CBG interacts with the endocannabinoid system differently from CBD. For those of you who don’t know, the endocannabinoid system is a significant bodily system made up of endocannabinoids, cannabinoid receptors and enzymes. This system is involved in the proper maintenance of a wide range of bodily functions.
CBD indirectly interacts with these receptors, whereas CBG directly acts upon them. It is through this differentiation of interaction that we believe CBG can have different effects from CBD. A quick search on Google will highlight what these can be.
Our CBG Hemp Oil is rich in CBG, but also in CBD. It has a 1:1 ratio of CBG to CBD in order to have the most significant impact on the endocannabinoid system. Furthermore, it contains both CBD and CBG in its acidic forms and a wide range of additional cannabinoids and terpenes.
Due to the huge variation of compounds within this product, it tends to have more pronounced effects than standard CBD oils of the same strength. Customers tend to be surprised at just how effective it is with the seemingly low 3 per cent concentration.
We believe this is due to the ‘entourage effect’ which is a phenomenon where compounds interact synergistically which results in stronger effects for the user. This has been demonstrated in several studies.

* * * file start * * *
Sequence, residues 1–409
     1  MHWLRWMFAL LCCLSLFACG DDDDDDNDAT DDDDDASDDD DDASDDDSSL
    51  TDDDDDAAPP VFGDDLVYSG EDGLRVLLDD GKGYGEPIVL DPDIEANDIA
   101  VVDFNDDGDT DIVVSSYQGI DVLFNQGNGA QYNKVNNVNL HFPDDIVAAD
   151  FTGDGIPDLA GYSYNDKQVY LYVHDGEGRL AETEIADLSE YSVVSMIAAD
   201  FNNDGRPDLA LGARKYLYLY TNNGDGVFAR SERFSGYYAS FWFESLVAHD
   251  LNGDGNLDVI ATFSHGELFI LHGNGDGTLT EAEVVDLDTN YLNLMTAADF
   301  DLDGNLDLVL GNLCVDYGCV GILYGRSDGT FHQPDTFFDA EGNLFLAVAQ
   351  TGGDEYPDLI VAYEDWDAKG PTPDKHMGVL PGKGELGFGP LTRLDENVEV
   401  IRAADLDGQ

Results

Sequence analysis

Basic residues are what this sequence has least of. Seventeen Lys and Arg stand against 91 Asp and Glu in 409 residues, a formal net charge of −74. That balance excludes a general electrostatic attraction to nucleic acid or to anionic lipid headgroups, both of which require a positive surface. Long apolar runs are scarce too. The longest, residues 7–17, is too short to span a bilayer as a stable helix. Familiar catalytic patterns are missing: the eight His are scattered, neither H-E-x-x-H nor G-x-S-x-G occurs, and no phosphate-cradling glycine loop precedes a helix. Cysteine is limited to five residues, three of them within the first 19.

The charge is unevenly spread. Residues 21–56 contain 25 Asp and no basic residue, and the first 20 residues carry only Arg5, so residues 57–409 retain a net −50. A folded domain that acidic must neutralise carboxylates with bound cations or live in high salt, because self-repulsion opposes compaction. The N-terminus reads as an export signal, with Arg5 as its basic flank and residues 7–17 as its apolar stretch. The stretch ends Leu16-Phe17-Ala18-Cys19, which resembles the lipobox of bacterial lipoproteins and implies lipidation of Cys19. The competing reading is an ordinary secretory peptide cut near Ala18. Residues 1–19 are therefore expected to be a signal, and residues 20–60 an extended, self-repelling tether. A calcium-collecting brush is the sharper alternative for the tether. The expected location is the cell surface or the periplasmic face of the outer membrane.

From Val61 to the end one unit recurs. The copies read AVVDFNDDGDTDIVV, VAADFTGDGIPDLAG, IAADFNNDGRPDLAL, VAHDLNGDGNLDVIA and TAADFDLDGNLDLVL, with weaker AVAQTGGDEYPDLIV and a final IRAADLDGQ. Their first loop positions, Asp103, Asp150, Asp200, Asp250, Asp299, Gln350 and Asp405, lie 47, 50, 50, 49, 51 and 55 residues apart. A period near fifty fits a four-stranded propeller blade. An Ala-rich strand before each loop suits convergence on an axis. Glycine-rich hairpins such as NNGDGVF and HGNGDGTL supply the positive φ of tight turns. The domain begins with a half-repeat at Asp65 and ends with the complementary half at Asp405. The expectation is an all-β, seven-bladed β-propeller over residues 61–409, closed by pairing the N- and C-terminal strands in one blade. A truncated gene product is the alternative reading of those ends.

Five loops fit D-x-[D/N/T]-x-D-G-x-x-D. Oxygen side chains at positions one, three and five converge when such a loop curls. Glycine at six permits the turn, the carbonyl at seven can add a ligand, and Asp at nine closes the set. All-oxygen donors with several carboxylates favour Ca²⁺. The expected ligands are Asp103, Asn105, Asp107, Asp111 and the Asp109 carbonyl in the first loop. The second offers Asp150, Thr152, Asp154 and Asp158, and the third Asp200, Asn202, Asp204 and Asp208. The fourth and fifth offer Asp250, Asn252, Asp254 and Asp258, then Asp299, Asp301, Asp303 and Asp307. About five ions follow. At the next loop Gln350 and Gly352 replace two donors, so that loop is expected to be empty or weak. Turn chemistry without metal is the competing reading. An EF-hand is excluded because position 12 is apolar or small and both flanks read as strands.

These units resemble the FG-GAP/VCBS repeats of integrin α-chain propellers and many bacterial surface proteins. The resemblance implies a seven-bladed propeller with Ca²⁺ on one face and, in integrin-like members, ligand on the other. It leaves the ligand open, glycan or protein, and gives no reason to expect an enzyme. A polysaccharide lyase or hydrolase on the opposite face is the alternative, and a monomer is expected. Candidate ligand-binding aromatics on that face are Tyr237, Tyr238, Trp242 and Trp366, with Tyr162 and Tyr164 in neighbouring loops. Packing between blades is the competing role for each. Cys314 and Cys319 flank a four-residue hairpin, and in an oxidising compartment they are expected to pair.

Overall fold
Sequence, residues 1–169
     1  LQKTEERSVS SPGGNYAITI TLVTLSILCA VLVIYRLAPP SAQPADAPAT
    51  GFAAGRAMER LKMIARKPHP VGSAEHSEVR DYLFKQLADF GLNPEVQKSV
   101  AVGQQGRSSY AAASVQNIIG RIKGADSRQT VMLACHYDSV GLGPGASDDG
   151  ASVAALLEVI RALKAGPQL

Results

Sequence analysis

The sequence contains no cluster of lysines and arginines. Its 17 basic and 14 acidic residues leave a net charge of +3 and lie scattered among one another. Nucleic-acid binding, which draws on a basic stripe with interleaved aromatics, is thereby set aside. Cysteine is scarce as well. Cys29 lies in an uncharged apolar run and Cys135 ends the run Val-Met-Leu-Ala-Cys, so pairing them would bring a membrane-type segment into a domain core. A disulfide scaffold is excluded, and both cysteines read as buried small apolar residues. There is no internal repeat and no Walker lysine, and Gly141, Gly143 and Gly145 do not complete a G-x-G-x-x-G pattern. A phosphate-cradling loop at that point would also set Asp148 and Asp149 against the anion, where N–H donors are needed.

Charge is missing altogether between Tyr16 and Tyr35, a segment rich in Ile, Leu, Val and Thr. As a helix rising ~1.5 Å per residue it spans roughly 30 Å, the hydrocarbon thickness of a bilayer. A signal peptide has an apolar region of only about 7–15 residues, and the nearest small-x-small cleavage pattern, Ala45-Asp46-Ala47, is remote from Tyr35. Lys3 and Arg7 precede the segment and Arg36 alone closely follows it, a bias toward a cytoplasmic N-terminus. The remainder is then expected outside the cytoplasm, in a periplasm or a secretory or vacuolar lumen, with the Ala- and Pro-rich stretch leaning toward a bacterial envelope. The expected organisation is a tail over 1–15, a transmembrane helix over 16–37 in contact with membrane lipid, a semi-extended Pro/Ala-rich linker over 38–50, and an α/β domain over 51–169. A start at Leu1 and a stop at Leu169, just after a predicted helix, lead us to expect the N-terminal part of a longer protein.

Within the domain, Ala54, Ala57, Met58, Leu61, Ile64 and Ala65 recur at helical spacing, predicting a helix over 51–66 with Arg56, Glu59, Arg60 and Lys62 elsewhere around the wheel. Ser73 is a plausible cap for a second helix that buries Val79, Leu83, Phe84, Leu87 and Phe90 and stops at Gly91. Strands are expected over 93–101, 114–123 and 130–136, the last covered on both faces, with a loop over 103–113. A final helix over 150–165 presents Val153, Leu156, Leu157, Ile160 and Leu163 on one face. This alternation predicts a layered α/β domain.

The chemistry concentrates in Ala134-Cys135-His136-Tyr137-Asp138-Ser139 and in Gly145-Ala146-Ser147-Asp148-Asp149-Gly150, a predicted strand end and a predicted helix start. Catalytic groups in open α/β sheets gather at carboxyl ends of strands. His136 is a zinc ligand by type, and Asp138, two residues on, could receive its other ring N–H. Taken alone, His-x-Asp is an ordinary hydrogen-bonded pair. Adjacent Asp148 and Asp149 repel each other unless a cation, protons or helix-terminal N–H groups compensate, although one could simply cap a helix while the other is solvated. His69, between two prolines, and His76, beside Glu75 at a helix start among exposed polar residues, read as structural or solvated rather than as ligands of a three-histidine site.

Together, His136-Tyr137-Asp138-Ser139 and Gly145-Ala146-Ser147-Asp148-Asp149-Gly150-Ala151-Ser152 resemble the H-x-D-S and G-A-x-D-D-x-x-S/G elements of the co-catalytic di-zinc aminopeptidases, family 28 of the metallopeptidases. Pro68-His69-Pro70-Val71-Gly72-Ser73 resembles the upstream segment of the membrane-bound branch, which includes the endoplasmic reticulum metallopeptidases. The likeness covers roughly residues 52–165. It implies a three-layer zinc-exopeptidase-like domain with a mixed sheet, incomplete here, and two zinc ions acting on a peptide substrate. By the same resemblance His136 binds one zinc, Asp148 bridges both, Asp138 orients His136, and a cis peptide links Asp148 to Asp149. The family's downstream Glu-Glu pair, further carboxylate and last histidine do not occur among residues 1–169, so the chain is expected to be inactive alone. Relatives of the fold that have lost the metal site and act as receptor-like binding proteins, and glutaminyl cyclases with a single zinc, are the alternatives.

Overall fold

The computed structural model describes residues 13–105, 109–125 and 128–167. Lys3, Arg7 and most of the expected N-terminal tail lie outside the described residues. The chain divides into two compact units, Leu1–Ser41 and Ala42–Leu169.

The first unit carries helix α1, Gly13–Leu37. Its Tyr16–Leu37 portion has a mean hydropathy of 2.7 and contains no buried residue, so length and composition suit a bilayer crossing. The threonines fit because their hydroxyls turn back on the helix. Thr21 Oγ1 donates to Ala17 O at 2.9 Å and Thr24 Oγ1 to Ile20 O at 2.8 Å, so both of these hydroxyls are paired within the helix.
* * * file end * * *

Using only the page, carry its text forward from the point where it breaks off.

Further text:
If you are interested in learning more about our CBG Hemp Oil and other effective products, head over to our website today – www.brownscbd.com
Study shows legalisation has no adverse effects on neonatal health outcomes
The team of researchers assessed the influence of statewide cannabis liberalisation policies on newborn health
A new study on the effects of legalising cannabis for adult or therapeutic use shows no adverse effects on neonatal health outcomes at the population level.
The neonatal study was published in the Journal of Health Economics and shows that legalising cannabis for adult use is not associated with adverse effects on neonatal health outcomes.
The team of researchers from Columbia University, University of North Carolina and Indiana University assessed the influence of statewide cannabis liberalisation policies on newborn health over 12 years starting in 2007.